Triumph T595 Daytona Service Manual
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I’ve been riding bikes since I was about ten years old. It all started when my parents started gliding, so I spent most of my weekends at the airfield where us kids always has some form of 2 wheeled motorised transport we put together in the workshop, (or at least our parents did)! I had a break from bikes for about four years at the age of 41, then my best friend decided to take his bike test, so I bought an old BMWR1100RS to keep him company.
That bike bought back my love of motorbikes.
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Recently a group of seven of us decided to plan a trip to Barcelona, travelling down through France and Andorra into Spain. I thought I’d change my bike for something younger.I have owned most of the modern Triumphs over recent years, and after a rather uninspiring visit to a BMW dealer, decided to take another look at this famous manufacturer. I had seen a few Rocket 3 bikes around and loved the way they looked.
I had never ridden a cruiser before, so when the dealer offered me a test ride I jumped at the chance.
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The bike is a Rocket 3 Classic, which means slightly more swept back handlebars and foot boards, as opposed to pegs, with a heel and toe gear change.Sitting on this machine was initially a bit intimidating. Everything was big! However, turning the engine on gave that Triumph signature sound – a slight burble from the three cylinders and slight whine from the cams.I gently let out the clutch, noticing how big the levers were under my fingers, and gave it just enough throttle to keep the engine just above tick over.
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I decided to ride it around and between the three rows of parked second hand bikes on the large forecourt. The bike rolled forward.What I noticed immediately, given that I could only go slowly around the parked bikes, was how incredibly well balanced this bike is. With its massive 2.3 litre engine to the right and the five speed box to the right, Triumph has done an amazing job putting this altogether under the tank.The first thing to get used to was the bars.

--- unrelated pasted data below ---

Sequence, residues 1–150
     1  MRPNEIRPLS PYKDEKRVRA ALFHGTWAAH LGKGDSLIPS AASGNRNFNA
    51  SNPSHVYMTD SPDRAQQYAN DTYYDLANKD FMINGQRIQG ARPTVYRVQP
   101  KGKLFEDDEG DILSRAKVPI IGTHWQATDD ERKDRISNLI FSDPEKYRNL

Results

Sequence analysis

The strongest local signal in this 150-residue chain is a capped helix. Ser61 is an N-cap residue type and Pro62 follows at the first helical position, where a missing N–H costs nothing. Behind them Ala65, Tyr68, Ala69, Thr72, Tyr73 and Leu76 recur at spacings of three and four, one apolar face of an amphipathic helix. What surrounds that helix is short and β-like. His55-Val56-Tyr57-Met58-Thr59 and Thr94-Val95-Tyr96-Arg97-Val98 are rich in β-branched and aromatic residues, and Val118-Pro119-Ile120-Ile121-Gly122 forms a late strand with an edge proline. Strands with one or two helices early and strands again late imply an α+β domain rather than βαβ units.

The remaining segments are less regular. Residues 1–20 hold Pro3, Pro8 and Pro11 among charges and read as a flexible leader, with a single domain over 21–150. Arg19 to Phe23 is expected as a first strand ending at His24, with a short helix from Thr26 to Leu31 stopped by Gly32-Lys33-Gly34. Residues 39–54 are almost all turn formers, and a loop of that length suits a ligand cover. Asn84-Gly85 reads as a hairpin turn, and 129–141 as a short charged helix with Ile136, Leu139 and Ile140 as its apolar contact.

I am used to crouching forward and just leaning in the direction I want to turn. With this bike, and I guess any large cruiser, you have to actually turn the bars at first. I found this a little unnerving, expecting to turn my face into the concrete below more as the bike turned over.
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Fortunately this did not happen, but I am still getting used to the throttle response and finding the balance between turning the bars and feeding in the power to get turned and upright again.The next thing to get used ton were the foot boards and their position. Being a cruiser the foot boards are set forward, so I waved my feet around quite a bit at first when pulling away, feeling for the boards.
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One soon gets used to their position however, and then there’s the heel and toe gear change to master.At first I simply used my toe to change up and down, but the main drawback with this approach is that neutral is much harder to find. Using your toe and trying to lift the gearshift from first to neutral often results in missing neutral and shifting into second. However, shifting down to first gear and then using your heel engages neutral easily.
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Mastering the heel and toe does not in fact take long.The best thing about this bike is its power delivery. Unlike say, a Blackbird, where the power comes on quickly and builds, the Rocket is very easy.
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